Q. How many people like you are there in Georgia?
A. There’s five others ... Being part of the outreach program is a very rewarding job. We work very closely with the Department of Public Health and our goal is simply to improve neonatal outcomes. What we try to get our nurses to think about is everything that we do with that baby, from the delivery room to the stabilization, it all affects these babies for a lifetime.
Q. You’re dealing with infant patients who have entire lifetimes ahead of them?
A. Right, and we see miracles everyday, everyday.
Q. Do you bring some emotions to this? It would seem to be the type of work for that to occur?
A. Oh, absolutely. You have to be able to do your job, but there is a lot of emotion to it because when you care for the babies, you have to support the families, too. And you have to provide compassion and care and comfort to them during this time, as well as doing what’s best for this baby. And sometimes it’s being an advocate for the baby. Physicians are the ones directing the care, but sometimes we’re the ones with the babies 23 hours a day, and sometimes we know what they need and we have to be advocates.
Q. Do you try to make sure you spend a little time in the NICU occasionally to stay in touch and grounded so to speak?
A. I do. One of the things I do is try to work some PRN (as needed nursing) and take care of patients, whether they’re in the newborn nursery or wherever, just to keep my skills up and to keep my hands in it. That’s because I’m going out there (to other hospitals) and teaching evidence-based material and most hospitals want to know what are we doing. So I have to be able to share with them: this is what we do and why we do it.
Q. What’s the most challenging aspect of your job?
A. One of the most challenging things when I first started was the actual traveling piece. You go from working with a staff to being by yourself traveling and not having people to talk to and the communication. But I’ve kind of learned to embrace that over the years. That’s kind of my down time, or my relaxation time per se, because I know I’m going to be talking and interacting (with nursing staff) when I get there. So I do enjoy the travel piece much more so.
Q. What’s the most rewarding part of your work?
A. Even though I’m not at the bedside, I still have to remind myself that what I do does impact patients, that I may not be actually doing (the day-to-day nursing), but I am making a difference. So it’s that and seeing babies that I took care of when they were fragile little babies and they’re now growing into young men and women.
I have a set of twins now that are 18 that I see regularly. I have a little girl that’s 8 years old and her mom sends me messages. To me, that’s a rewarding thing. … I love my families. It’s funny, families always say you made such an impact or you touched our lives, but they have no idea how they impacted my life.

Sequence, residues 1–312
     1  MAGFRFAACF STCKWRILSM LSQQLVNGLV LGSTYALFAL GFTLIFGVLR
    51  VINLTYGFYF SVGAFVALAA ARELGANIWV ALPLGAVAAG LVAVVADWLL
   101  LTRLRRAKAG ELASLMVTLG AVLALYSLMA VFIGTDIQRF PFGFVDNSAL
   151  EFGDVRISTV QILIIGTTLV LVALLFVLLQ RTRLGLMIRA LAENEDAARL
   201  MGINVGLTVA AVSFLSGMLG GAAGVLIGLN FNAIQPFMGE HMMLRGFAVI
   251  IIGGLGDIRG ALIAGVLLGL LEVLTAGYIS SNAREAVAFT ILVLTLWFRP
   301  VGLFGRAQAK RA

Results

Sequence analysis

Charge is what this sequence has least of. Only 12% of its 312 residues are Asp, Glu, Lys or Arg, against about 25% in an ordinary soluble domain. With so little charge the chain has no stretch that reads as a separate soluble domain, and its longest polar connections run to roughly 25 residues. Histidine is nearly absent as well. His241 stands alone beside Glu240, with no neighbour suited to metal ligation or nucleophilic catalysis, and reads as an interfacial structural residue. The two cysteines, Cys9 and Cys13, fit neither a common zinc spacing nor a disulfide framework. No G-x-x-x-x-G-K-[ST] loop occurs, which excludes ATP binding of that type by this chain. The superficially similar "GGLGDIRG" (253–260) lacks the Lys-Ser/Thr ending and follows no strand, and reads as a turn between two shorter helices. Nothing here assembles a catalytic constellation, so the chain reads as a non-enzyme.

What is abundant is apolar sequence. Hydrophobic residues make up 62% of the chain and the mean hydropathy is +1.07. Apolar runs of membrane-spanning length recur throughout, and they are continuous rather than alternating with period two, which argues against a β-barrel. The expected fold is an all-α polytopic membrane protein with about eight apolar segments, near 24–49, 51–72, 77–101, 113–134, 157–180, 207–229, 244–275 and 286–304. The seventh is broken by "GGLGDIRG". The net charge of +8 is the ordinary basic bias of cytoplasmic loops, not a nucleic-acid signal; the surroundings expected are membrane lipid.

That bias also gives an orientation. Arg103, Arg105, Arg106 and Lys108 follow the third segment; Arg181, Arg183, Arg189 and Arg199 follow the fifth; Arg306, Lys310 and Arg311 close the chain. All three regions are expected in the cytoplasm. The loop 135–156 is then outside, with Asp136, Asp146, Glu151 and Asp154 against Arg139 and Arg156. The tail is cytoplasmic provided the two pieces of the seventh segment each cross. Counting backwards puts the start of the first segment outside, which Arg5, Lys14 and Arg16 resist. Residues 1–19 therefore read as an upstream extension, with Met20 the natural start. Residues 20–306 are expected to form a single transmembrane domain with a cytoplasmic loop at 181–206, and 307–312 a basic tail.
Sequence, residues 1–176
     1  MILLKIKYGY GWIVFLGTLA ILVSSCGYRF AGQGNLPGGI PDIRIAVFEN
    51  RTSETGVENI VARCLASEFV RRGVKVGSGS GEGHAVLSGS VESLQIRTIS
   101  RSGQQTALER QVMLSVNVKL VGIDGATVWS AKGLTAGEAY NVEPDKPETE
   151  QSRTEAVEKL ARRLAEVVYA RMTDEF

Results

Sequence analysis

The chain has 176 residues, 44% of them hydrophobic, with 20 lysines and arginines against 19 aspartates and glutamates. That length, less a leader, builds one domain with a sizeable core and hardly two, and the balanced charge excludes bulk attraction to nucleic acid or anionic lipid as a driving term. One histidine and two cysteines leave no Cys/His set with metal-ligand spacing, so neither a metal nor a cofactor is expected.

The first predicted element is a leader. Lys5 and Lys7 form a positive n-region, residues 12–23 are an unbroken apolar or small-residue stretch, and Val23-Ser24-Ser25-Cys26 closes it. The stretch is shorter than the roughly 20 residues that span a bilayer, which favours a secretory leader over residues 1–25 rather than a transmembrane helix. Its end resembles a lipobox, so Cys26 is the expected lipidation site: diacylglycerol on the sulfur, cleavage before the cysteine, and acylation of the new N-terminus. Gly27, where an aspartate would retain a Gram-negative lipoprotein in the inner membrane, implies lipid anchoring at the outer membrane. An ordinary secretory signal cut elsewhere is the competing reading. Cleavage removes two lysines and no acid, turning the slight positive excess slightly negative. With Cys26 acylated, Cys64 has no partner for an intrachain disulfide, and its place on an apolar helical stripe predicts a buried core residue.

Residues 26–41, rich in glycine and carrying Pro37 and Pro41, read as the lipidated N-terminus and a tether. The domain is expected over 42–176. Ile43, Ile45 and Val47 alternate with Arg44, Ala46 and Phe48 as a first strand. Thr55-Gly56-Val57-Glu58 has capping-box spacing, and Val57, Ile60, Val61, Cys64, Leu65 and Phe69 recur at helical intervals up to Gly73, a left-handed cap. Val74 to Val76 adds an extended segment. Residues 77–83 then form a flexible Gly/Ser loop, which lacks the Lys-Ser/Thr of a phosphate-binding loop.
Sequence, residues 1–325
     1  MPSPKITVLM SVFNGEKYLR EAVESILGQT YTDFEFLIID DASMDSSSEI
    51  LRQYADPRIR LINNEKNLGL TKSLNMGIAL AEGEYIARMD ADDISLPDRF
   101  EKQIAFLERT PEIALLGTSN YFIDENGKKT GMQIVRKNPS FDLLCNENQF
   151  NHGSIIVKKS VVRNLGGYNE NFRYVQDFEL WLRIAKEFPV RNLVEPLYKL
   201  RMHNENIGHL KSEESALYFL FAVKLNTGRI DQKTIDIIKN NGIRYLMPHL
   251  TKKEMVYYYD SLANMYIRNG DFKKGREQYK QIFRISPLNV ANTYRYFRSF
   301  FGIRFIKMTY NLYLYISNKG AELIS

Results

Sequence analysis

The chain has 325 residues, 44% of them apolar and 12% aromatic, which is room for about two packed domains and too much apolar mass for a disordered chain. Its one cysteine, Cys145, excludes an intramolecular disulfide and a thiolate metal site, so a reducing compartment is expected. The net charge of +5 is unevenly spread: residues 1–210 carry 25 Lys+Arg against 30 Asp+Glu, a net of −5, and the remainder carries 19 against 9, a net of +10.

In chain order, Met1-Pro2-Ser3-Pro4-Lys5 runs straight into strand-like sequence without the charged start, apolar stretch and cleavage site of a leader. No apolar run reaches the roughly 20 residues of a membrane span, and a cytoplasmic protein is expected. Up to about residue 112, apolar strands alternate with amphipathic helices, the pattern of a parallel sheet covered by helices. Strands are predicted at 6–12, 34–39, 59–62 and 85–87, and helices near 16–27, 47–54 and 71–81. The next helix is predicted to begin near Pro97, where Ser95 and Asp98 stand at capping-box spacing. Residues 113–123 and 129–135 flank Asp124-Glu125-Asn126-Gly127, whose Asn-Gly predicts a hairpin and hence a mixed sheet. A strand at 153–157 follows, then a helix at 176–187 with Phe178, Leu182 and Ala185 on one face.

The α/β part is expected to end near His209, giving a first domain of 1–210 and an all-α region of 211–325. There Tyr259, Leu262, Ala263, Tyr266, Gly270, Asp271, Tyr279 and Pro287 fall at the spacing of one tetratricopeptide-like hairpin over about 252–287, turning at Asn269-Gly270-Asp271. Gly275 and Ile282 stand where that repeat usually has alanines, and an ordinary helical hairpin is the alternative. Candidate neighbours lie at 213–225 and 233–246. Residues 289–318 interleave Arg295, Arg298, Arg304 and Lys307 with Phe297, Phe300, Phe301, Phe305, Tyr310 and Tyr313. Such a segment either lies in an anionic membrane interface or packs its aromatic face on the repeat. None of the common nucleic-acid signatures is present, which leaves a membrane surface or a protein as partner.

I went into nursing thinking I want to take care of people, I want to help people, and it’s so different from what you ever imagine it will be. And when you take care of babies, it’s a whole other world because you have to advocate for them and take care of the whole family unit, and you build relationships, and they become part of your family, too, your work family.
And when they go home it’s emotional. Sometimes you cry, too, because you’re going to miss them because you’ve been with them for three months and they’ve been here everyday. And there are those that go (back) to a home that you wish you could do more for them and that there were more resources out there.
Q. And not all babies make it?
A. They don’t, and that’s hard. It’s very hard when a baby doesn’t make it, no matter at what gestation. It’s very emotional.
Hometown: Smiths Station, Ala.
Current residence: Phenix City
Education: 1991 graduate of Smiths Station High School; earned her licensed practical nurse degree in 1994 and her registered nursing degree in 1998
Previous jobs: Has worked at Columbus Regional Health for 23 years
Family: Linc Wald, her husband of 22 years, and three children — Whitney, 28, Kyle, 26, and Blake, 19
Leisure time: Loves Alabama football and tailgating with friends; also enjoys shopping, decorating, going to the beach, camping and spending time with family
Of note: Serves on the Georgia Perinatal Association board and is a leader instructor with both the Neonatal Resuscitation Program and the Stabilization of Sick Infants Program; also volunteers with March of Dimes